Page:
Montserrat Intensifies its Coronavirus disease (COVID19) Preparations


Government Information Unit

Release Date

Tuesday, March 3, 2020


March 3, 2020 GIU, Davy Hill Montserrat– Officials in the Ministry of Health and Social Services (MoHSS), and other key stakeholders, are in a state of readiness, as preparedness measures and protocols have been increased, to deal with the possibility of the new coronavirus disease (COVID19) on the island.

Local preparations began in January 2020, following the December 31, 2019 World Health Organisation (WHO) alert of a new virus in Wuhan City, Hubei Province, China. Since then, the virus, now called Coronavirus Disease (COVID 19) has been reported in other parts of the world; including the Caribbean as of March 1, 2020. In light of this, the WHO has elevated the Caribbean’s risk level of the coronavirus COVID-19 to very high.

The Premier, Honourable Joseph ‘Easton’ Farrell; Minister of Health, Honourable Charles Kirnon; Chief Medical Officer, Dr. Sharra Greenaway-Duberry and Director of Primary Health Care, Dr. Dorothea Hazel-Blake appeared on the state owned radio station (Radio Montserrat-ZJB) on Monday March 1, to reassure the public of the island’s state of readiness and encourage members of the public to not panic.

Premier Farrell said, “The government’s primary aim is to protect its people, our people’s health is paramount and we will do everything in our powers to ensure we keep the people of Montserrat safe, we will continue to alert you and keep you informed, and I know the Ministry of Health has been informing you through various means. We are ready and we will do everything possible as a Government to support the team in making sure Montserrat is safe—if or when a case arises, we will deal with it”.

The Minister of Health, Hon. Kirnon said persons should avoid panicking and instead practice good hygiene to prevent the likelihood of contracting COVID 19. He stated that we must avoid scaring people in our conversations, instead we need to start by taking a personal responsibility to do the things we ought to be doing, such as washing our hands, not visiting people when we are coughing, especially the elderly, and not going to work when we are coughing as that will spread any disease.

As the island also prepares for an increase in visitors over the next few days, the CMO, who was also appointed by Cabinet as the Quarantine Authority in February 2020, highlighted some of the measures implemented by the Ministry of Health as part of the preparedness plans, which are in keeping with the Quarantine Act.

The Quarantine Act addresses public health threats and allows authorities to identify high risk persons, screen them and make a decision on whether they are high or low risk, and whether or not someone needs to be isolated or quarantined.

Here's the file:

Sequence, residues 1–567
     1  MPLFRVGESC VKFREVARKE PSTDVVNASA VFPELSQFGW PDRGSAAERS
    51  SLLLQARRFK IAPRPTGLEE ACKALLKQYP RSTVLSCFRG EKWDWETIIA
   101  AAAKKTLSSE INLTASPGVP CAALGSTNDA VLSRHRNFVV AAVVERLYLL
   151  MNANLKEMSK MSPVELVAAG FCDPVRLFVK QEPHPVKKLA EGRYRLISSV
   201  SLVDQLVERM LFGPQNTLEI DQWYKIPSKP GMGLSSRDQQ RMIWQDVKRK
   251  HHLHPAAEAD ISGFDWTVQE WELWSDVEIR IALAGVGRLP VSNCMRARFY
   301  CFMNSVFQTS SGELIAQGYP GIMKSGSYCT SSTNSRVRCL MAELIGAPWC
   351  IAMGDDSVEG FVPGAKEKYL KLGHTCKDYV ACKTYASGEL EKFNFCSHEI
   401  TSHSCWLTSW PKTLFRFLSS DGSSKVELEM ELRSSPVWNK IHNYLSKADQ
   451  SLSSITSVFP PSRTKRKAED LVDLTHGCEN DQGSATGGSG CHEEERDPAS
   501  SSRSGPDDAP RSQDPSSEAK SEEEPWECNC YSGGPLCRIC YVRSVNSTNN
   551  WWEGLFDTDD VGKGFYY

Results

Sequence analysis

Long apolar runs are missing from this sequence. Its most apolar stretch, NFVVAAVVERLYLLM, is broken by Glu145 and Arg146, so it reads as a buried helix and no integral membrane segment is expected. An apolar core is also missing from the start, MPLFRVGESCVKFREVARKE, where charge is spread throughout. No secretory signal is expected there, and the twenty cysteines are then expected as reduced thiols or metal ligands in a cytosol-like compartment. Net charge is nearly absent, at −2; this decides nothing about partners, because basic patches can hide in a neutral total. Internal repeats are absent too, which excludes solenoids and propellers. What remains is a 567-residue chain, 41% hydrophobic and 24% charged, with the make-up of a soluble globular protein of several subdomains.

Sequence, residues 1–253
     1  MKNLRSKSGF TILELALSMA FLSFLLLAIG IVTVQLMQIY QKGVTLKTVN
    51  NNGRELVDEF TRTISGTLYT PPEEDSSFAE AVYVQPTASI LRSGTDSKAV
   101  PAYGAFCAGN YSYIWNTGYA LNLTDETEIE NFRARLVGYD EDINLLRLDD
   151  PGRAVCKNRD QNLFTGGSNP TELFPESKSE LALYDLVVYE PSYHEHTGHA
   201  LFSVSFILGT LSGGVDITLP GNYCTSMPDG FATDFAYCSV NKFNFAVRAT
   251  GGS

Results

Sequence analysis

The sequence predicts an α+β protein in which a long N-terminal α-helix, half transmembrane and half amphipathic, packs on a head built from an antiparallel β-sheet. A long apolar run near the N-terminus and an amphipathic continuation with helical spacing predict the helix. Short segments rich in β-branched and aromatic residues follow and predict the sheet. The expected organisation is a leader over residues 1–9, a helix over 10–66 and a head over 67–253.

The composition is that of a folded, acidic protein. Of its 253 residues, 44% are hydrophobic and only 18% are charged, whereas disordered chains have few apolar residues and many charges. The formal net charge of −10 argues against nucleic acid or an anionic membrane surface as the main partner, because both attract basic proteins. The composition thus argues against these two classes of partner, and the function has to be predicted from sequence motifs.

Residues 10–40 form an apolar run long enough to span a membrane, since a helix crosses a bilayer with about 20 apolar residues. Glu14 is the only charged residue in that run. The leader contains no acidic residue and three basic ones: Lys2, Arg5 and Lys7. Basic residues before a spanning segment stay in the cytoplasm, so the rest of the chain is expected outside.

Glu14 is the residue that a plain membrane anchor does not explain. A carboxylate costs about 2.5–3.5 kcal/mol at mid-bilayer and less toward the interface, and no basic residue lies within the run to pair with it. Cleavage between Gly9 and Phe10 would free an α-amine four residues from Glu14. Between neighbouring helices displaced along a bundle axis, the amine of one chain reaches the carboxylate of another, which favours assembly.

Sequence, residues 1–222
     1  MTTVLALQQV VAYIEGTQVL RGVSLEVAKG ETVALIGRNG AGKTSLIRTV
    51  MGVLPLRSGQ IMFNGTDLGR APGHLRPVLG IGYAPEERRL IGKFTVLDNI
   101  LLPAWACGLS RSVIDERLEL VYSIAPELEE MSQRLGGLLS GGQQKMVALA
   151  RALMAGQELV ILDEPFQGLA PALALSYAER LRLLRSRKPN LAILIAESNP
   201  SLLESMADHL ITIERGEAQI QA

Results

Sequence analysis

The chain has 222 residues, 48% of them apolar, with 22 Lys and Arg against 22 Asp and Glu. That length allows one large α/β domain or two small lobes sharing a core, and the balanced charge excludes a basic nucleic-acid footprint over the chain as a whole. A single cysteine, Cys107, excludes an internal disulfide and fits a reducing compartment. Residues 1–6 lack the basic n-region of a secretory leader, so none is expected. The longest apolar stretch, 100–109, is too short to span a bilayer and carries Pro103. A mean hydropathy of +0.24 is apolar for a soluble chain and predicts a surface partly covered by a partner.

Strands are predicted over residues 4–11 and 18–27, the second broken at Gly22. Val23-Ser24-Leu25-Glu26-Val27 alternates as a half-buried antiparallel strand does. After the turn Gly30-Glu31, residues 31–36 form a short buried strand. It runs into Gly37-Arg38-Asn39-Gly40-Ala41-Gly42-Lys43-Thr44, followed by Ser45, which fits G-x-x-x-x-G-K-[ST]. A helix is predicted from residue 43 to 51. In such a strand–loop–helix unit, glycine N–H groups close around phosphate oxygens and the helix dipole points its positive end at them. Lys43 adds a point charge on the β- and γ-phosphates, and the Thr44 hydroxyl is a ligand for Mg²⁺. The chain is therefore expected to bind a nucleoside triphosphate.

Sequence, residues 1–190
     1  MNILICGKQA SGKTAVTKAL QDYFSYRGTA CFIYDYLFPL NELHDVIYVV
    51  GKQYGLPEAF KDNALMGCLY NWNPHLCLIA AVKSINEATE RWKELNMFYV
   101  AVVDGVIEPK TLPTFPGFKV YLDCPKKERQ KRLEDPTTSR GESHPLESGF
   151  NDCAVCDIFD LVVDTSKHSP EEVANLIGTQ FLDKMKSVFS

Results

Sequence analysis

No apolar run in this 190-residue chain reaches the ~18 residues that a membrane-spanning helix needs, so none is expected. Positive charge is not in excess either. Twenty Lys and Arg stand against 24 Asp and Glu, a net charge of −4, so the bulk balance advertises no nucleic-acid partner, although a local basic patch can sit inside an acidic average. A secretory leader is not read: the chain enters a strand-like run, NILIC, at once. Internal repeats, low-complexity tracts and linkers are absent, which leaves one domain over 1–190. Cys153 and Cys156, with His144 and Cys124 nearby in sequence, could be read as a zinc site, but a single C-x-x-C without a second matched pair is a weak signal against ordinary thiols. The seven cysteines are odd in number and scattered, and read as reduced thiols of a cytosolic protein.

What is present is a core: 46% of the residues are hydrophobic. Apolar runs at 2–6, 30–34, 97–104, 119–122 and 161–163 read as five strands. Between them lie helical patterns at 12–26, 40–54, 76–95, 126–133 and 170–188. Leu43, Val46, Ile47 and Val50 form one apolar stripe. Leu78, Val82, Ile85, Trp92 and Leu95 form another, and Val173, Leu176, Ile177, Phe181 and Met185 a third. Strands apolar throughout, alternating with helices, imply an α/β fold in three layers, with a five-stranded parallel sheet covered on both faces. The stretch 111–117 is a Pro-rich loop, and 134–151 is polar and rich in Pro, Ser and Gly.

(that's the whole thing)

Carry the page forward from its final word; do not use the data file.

CMO and Quarantine Authority, Dr. Greenaway-Duberry stated, “Our Quarantine Act also governs how we conduct Port Health, and so we have established our port health obligations as a Ministry; we have appointed Health Officers and visiting officers who are responsible for boarding ships/vessels and aircraft to conduct inspections.”

She noted that these inspections have been ongoing and will be intensified during the upcoming peak tourist season. Cruise ships calling to Montserrat are always expected to produce health declaration forms and are subjected to screenings before being allowed to disembark passengers.

“We are increasing surveillance at our ports of entry, in particular Port Little Bay. We have already started visiting the Port when the ferry comes in and when we do have cruise ships we have been boarding them ensuring that the doctor’s logs are checked and matches the health declaration form, before granting permission to disembark.”

In late January, the Premier and Minister of Finance authorised the release of additional funds for the Ministry of Health to bolster the country’s preparedness. Dr. Hazel-Blake said since then the Ministry has replenished their stocks of critical equipment and has conducted training for essential staff.

“In addition to ensuring the Ports have proper surveillance, we also recognized that in any preparations for situations such as COVID 19, we have to ensure that we have adequate supplies for staff and patients. We have face shields, Personal Protective Equipment, gloves, face masks including the N95 facemasks which are the approved masks,” expressed Dr. Hazel-Blake. 

Facilities for isolation and quarantine have also been identified for use by the Ministry. 

The most common symptoms of COVID-19 are fever, tiredness, and dry cough. Some patients may have aches and pains, nasal congestion, runny nose, sore throat or diarrhea. These symptoms are usually mild and begin gradually. Some people become infected but don’t develop any symptoms and don't feel unwell. Most people (about 80%) recover from the disease without needing special treatment. Around 1 out of every 6 people who gets COVID-19 becomes seriously ill and develops difficulty breathing. Older people, and those with underlying medical problems like high blood pressure, heart problems or diabetes, are more likely to develop serious illness. About 2% of people with the disease have died. People with fever, cough and difficulty breathing should seek medical attention

Note: Radio Montserrat’s Link to the interview:

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